Known to its fans as a hangover cure, ancient miracle food and weight-loss wonder, kefir is a fermented milk drink. Russians each consume about 20 litres a year and nowAustralia is beginning to embrace it.
It is famed for treating stomach upsets and mothers are adding it to their arsenal. When a bug made its way through Gen Kelly’s neighbourhood, the mother-of-two gave her children kefir.
“Once the kids started taking kefir they perked up and had the energy to get back to school,” she says.
Kefir is reminiscent of fizzy yoghurt. Its lactose has been fermented into lactic acid, making it easy to digest. Fermentation also increases the nutrient profile and fills the kefir with beneficial bacteria. In Turkish “kefir” (keh-fear) means “feel good”.
Kefir’s history is filled with fervour and espionage. Its origins are in the Caucasus Mountains and it’s believed by many to be manna received from heaven during the time of Moses, or a gift from the prophet Mohammed.
In his book Wild Fermentation, Sandor Katz tells the story of the All-Russian Physicians Society who, aware of the longevity of the Caucasus tribespeople, engaged local cheesemakers to help them secure grains for medical use. The cheesemakers sent the striking Irina Sakharova to visit the Caucasian prince Bek-Mirza Barcharov in order to charm grains from him.
Not willing to betray his lord, he refused, she tried to leave, he had her kidnapped, she was rescued, and he was charged by the Tsar’s court.” He was ordered by the Tsar to give Sakharova kefir grains, which she took to Moscow. To this day, Russian school children still have daily kefir.
Milk kefir is traditionally made with cow or goat milk and kefir “scoby”, more commonly called “grains”. A COBY is a symbiotic culture of bacteria and yeast and milk kefir can contain about 30 distinct microbes.
Food scientists have tried to replicate kefir grains but, despite isolating the microbes involved, they can’t create a kefir scoby. Commercial kefir starters are available but they are only able to culture milk for a few generations before they die. A milk-kefir scoby, looked after properly, is immortal and will double every seven to 10 days.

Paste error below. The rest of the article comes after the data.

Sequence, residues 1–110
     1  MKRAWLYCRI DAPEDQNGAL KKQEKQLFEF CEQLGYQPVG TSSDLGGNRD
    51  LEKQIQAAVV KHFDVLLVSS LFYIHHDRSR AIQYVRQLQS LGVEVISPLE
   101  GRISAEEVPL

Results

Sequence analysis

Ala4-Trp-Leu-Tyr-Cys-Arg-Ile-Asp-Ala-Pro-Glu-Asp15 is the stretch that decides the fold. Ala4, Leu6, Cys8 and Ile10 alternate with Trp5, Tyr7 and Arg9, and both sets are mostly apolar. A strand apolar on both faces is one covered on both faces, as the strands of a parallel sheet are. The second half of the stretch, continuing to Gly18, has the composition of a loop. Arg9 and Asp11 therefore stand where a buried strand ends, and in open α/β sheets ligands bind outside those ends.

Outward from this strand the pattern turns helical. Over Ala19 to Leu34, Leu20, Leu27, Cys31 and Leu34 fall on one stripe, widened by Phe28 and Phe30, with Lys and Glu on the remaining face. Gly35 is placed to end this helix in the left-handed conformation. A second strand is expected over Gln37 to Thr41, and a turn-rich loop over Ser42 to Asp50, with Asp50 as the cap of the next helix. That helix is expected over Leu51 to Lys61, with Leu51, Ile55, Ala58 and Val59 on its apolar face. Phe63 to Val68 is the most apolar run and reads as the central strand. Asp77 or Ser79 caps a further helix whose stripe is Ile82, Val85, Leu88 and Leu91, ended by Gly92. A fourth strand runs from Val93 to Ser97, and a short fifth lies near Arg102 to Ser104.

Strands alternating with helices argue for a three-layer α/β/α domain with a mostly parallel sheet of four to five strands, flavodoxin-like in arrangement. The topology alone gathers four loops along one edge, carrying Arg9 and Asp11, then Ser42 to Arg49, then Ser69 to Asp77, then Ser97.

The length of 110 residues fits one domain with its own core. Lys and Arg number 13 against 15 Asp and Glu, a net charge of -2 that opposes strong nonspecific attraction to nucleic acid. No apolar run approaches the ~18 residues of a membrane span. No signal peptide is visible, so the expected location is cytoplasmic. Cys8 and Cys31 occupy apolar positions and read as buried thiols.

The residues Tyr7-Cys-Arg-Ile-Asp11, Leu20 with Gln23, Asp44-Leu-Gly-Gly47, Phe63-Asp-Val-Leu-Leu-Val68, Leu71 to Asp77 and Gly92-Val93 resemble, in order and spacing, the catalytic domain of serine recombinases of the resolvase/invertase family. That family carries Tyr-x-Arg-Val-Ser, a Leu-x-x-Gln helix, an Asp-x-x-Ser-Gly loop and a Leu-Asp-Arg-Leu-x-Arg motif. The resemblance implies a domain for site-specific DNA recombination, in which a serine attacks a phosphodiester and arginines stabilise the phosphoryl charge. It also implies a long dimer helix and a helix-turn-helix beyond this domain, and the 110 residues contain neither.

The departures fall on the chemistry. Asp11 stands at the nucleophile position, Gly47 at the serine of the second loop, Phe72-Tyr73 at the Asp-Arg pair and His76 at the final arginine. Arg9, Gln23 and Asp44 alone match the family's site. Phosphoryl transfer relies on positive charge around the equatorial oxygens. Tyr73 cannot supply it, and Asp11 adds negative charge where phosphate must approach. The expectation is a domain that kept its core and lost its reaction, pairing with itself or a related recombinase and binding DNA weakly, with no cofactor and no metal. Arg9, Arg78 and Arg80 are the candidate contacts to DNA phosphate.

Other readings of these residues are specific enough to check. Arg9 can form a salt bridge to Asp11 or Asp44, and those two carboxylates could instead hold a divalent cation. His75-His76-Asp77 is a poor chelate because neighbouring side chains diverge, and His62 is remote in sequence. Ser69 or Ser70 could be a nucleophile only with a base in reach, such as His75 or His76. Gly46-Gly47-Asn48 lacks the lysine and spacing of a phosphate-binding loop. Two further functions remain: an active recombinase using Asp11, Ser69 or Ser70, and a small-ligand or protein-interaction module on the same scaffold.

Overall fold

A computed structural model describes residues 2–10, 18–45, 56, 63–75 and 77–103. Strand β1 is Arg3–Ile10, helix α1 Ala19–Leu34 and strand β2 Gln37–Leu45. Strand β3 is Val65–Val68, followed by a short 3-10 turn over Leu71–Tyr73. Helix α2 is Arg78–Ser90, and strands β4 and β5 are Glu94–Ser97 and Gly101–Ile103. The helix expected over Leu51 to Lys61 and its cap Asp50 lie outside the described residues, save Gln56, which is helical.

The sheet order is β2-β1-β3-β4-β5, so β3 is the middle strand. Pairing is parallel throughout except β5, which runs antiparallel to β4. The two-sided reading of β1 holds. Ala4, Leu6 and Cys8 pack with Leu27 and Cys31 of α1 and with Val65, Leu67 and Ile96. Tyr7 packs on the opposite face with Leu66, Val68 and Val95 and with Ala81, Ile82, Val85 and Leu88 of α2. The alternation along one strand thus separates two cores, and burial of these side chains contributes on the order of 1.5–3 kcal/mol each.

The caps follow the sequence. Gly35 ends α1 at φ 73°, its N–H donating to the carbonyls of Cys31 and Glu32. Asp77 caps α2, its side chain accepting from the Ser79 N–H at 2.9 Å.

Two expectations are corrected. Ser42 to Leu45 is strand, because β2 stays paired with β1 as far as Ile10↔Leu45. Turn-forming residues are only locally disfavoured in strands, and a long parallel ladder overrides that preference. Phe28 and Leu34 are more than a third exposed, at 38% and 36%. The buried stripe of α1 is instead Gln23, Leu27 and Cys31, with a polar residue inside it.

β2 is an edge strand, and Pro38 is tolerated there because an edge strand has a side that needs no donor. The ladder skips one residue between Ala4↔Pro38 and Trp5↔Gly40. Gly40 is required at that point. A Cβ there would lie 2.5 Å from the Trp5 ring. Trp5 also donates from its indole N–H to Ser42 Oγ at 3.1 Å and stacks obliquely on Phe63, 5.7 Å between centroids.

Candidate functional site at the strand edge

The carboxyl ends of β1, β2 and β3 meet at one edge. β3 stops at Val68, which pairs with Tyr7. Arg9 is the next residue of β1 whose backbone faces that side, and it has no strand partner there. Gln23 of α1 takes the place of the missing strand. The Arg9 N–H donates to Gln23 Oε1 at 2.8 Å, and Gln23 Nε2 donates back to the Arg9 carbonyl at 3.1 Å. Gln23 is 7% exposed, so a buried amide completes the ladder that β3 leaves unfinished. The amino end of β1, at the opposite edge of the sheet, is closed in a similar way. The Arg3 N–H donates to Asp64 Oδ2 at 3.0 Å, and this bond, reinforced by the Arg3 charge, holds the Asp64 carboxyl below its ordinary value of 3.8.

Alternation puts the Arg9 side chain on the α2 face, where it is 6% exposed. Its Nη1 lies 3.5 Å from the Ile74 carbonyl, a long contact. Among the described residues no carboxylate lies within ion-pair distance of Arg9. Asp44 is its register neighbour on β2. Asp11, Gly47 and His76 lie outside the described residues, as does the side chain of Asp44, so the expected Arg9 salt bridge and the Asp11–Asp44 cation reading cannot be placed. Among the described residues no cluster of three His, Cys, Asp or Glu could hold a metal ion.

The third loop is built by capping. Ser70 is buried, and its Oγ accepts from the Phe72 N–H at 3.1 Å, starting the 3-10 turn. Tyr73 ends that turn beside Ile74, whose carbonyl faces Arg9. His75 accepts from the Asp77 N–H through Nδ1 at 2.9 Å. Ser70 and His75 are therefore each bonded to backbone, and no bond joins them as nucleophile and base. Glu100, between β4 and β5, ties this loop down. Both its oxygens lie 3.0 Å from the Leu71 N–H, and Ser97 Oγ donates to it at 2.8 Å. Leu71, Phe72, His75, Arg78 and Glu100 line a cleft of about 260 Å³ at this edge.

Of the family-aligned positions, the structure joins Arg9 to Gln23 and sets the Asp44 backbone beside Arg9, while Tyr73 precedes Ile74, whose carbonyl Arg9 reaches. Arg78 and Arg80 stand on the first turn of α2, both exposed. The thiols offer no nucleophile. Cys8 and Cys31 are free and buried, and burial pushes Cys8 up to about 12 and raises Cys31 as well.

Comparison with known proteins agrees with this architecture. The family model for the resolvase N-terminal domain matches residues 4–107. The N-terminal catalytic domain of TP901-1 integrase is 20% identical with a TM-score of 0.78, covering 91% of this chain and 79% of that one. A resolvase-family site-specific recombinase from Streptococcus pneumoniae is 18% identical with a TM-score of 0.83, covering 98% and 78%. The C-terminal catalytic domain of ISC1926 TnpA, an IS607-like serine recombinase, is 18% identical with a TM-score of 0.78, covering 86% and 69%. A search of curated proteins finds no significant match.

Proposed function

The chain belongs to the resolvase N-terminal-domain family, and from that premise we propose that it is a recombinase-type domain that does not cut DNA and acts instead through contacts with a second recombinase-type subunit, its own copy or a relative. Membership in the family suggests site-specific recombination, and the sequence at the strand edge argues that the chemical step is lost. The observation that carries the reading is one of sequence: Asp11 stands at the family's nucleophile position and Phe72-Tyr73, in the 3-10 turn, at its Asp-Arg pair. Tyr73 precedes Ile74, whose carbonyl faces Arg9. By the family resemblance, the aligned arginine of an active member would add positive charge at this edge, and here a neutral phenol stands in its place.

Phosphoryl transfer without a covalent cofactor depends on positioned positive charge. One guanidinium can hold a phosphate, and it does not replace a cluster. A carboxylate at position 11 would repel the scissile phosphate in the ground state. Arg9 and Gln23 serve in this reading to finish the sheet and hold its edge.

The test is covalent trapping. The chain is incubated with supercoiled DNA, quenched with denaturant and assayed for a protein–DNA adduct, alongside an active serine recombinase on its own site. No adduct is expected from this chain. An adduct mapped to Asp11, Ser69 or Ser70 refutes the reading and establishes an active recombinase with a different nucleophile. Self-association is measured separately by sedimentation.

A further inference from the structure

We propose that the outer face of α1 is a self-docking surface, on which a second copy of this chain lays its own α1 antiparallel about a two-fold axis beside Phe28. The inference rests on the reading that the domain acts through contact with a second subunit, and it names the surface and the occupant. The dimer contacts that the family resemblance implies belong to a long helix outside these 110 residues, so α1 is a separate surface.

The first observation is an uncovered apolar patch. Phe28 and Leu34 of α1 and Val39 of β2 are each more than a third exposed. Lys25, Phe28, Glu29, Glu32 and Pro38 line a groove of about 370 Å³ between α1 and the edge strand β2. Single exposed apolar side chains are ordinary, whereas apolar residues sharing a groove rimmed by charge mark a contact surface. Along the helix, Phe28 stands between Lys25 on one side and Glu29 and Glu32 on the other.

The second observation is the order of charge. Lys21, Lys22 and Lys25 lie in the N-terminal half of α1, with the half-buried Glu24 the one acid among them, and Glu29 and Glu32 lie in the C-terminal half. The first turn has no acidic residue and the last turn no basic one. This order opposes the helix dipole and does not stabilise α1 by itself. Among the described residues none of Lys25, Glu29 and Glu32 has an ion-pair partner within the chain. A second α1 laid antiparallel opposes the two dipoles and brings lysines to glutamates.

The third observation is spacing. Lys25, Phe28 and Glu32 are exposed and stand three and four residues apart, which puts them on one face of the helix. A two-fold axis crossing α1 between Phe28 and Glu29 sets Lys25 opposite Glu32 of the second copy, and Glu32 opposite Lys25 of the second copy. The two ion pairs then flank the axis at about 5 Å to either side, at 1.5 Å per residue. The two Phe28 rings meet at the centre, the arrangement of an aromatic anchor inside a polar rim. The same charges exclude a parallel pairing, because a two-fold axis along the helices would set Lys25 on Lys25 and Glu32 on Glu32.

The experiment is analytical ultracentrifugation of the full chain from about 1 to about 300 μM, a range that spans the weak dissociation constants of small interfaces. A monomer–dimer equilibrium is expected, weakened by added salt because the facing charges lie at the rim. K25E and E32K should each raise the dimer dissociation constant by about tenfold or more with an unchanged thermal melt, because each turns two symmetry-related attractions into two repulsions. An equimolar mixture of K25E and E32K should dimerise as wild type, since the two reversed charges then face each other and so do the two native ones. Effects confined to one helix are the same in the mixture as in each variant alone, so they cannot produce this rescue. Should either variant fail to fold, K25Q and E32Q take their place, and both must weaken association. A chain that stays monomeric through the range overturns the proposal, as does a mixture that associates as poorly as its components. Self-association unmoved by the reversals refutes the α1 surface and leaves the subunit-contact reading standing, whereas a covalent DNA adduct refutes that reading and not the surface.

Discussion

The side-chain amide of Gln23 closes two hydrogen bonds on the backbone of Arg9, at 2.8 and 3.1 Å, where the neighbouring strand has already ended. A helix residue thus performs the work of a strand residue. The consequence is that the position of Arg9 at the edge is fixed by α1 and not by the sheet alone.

If dairy is not for you, then water kefir is one of the most diverse probiotic cultures around and is said to offer similar benefits to milk kefir. It has an intriguing past of its own: it’s said to have been given to Mother Teresa by Tibetan monks, brought back from Crimea by the British and probably propagated on Mexican cacti. No two water kefir are exactly alike, and they have many names including tibicos, snow lotus and Californian bees.
Water kefir is also a scoby culture but with bacteria and yeasts that feed on carbohydrates, enabling water kefir to be produced from many liquids including sugar water, coconut water and soy milk. It is commonly flavoured with fruit and ginger, resulting in a bubbly drink not unlike ginger beer.
Thankfully, it’s no longer necessary to access a Soviet spy network. Ask around for people making kefir or check online.
Dom Anfiteatro, the internet “King of Kefir”, has everything you want to know about kefirs and more, including buying grains.
Traditionally the grains were kept in a goat-stomach bag filled with milk and hung by the door. As people came and went they would knock the bag, helping fermentation along by dispersing the grains. If you don’t have a goat stomach, use a jar.
1 tbsp kefir grains
1 litre milk, cow or goat, organic and unhomogenised is best
1 tbsp cream (optional, makes a luxurious, creamier kefir)
1. Take a clean jar that can fit the ingredients with a little room for expansion.Put the grains, milk and cream (if using) into the jar and stir. Cover the jar with a cloth and leave it somewhere away from direct sunlight; Ambient temperatures 8C to 30C are ideal. Agitate or stir the kefir occasionally.
2. Once the kefir has thickened (about 24 hours) strain the kefir, which is ready to drink or ripen.
3. To ripen kefir (optional), leave strained kefir in a sealed container on the bench for another 24 hours, after which it should be creamy and effervescent – the champagne of milks.
4. Start the process again by placing the grains in a fresh jar. Because cold temperatures slow fermentation, you can rest kefir grains in the fridge in unfermented milk. Feed them once a week with fresh milk.